Throngs of fans lined the streets of South Downtown on a recent sunny Sunday. As they filtered through the doors of Showbox SoDo to kick-off this year’s International Secret Agents (ISA) concert tour on July 31, anticipation filled the room, excitement heard through an eruption of delighted squeals and showcased in homemade signs expressing love for varying performing artists of choice that evening.
The hype was refreshingly contagious as the crowd of 1,600 welcomed to the stage a long list of fan favorites: Victor Kim of Quest Crew (Season 3 winners of MTV’s competition show “America’s Best Dance Crew”), most recent ABDC champions i.aM.mE Crew, Korean American crooner David Choi, local band New Heights, and the ever-popular trio behind Wong Fu Productions. Not to mention hosts and YouTube sensations KevJumba, Ryan Higa, and Cathy Nguyen who managed to infuse a little comedy between the show’s amazing performances culminating in hours of perpetual entertainment that ended with an awe-inspiring, energetic bang of an act by the Billboard chart topping group Far*East Movement.
The effort that brought this bunch together was one that started in 2008 when founders Wong Fu Productions and Far*East Movement collaborated on an idea to empower and unite the Asian American community by providing a platform for Asian American entertainers to showcase their talents to a wider audience. Three years and several sold-out shows later, the ISA concert tour has taken on a life of its own, growing each year with bigger audiences and additional cities on the roster. This year was ISA’s first in Seattle.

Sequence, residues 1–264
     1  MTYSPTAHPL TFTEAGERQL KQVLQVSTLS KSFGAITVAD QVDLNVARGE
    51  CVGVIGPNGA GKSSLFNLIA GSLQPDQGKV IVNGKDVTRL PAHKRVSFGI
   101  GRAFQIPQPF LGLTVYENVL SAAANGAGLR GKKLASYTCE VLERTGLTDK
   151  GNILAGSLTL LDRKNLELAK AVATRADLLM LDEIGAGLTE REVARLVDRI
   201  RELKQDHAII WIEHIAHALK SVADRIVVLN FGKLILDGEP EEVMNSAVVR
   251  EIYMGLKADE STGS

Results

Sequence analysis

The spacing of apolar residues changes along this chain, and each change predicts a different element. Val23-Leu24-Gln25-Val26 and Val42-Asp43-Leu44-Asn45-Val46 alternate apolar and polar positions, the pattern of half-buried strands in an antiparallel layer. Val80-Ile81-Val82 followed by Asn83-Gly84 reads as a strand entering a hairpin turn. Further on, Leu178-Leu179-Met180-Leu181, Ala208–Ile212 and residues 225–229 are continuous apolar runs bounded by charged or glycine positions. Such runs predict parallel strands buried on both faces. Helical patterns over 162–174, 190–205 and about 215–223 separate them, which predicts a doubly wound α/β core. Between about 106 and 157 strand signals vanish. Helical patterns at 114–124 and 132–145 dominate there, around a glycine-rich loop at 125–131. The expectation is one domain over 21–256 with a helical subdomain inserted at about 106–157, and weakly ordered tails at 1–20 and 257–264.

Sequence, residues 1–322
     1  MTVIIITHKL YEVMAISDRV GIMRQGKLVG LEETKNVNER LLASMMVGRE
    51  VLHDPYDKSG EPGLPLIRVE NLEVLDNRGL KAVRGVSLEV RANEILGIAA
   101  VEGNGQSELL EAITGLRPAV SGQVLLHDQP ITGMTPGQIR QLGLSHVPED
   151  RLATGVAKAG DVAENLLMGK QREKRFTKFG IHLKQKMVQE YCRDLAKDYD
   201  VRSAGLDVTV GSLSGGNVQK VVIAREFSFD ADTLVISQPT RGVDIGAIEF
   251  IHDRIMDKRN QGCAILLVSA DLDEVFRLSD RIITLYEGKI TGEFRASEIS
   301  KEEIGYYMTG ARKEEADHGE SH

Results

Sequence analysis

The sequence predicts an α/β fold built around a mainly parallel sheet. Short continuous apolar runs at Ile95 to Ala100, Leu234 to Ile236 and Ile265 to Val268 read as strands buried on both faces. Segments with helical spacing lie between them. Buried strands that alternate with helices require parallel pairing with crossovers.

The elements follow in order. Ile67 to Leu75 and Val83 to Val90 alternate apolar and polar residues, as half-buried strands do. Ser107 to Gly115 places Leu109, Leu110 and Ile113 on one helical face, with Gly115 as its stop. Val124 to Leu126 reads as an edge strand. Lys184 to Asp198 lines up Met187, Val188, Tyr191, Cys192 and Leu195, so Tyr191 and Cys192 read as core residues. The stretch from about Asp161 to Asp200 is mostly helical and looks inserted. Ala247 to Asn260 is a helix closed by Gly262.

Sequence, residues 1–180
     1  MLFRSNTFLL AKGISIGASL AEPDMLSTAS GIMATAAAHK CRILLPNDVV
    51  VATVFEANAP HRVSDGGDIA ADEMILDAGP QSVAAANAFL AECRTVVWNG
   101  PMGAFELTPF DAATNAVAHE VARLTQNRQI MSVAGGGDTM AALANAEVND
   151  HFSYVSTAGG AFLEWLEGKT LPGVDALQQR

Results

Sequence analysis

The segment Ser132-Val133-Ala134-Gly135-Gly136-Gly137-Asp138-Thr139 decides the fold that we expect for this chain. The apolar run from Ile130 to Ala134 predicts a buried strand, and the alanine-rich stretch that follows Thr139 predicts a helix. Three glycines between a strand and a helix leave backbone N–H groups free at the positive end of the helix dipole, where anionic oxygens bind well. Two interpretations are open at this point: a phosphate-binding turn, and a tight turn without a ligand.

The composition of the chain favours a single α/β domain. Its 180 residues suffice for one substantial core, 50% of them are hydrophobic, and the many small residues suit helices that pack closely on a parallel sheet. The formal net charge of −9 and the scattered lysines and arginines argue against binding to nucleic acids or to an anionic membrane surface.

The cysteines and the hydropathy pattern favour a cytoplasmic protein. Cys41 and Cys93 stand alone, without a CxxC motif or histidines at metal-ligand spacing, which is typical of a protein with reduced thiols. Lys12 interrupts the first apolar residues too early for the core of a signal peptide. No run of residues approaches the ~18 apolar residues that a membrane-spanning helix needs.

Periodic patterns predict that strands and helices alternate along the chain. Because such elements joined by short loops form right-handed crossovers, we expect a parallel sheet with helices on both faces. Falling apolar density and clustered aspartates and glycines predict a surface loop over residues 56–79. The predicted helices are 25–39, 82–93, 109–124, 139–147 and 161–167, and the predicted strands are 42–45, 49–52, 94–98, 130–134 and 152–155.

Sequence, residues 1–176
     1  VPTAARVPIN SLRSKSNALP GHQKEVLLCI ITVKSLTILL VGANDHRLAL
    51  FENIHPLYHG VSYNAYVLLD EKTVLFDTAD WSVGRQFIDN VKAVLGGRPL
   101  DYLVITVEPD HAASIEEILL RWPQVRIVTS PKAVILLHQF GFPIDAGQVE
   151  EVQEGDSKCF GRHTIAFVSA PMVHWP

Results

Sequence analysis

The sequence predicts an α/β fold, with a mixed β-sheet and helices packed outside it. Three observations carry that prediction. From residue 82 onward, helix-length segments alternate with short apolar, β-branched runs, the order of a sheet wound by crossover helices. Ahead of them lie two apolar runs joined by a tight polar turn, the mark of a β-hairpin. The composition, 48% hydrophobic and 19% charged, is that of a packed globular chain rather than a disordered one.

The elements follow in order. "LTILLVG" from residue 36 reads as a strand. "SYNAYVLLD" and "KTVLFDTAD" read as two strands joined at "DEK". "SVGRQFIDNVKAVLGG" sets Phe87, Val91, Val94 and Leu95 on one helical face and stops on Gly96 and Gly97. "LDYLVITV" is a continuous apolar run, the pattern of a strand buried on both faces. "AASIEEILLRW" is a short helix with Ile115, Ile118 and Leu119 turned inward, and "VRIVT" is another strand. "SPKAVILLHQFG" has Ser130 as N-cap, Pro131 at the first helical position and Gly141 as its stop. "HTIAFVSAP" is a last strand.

“Seattle definitely had one of the loudest and most spirited crowds we’d ever performed for,” said Far*East Movement member James “Prohgress” Roh.
Fellow group member Kevin “Kev-Nish” Nishimura added, “Seattle really gave us the confidence to continue expanding nationwide to make ISA a truly global experience.”
Blogger Amy Nguyen was in attendance to enjoy the show and shared, “I like what they do because when I was a young teen growing up, there were no Asian entertainment role models. Instead, you learned that when you grew up you had to be a doctor or an engineer to be respectable. There was nothing to lead by example on the creative side. The ISA and artists being presented are helping the Asian community by showing diversity and it can only grow from here […] It’s something I’m proud to see.”
As a group of individuals that represent an ability to inspire the community and signify a place for Asian Americans on the mainstream stage, the commonality of their personal message to others is also an encouraging one.
Cathy Nguyen stated, “[…] Asian-American or not, if you’re doing what you want, doing what you love to do, do it.”
While David Choi reinforced a similar thought when discussing his career challenges, “It’s the same challenges as anyone else. I never looked at being Asian as an obstacle. Whether I was Asian or not didn’t make a difference. It was that I pursued it and worked at it which helped me […]”
With each day, these performers gain new followers through the internet and technology, alternative forms from what once was. It takes just moments to pull up YouTube and immediately get hooked by videos of their comedic sketches, catchy lyrics, dreamy voices, or dance triggering performances.
With the launch of ISA’s website and blog (www.isatv.com), ISA intends to continue connecting and engaging with their fans in an environment that highlights Asian-American entertainers, broadening exposure and opening doors for future performers regardless of ethnicity. Through their concert tours and by incorporating all aspects of media entertainment, their goal to empower the Asian American community is sure to be a movement which (if the concert tour is indicative of anything) will be full of amusement, song, dance, passion, and a bounty of possibilities.
For more information about the International Secret Agents, visit: www.isatv.com.
Video courtesy of Pei Chou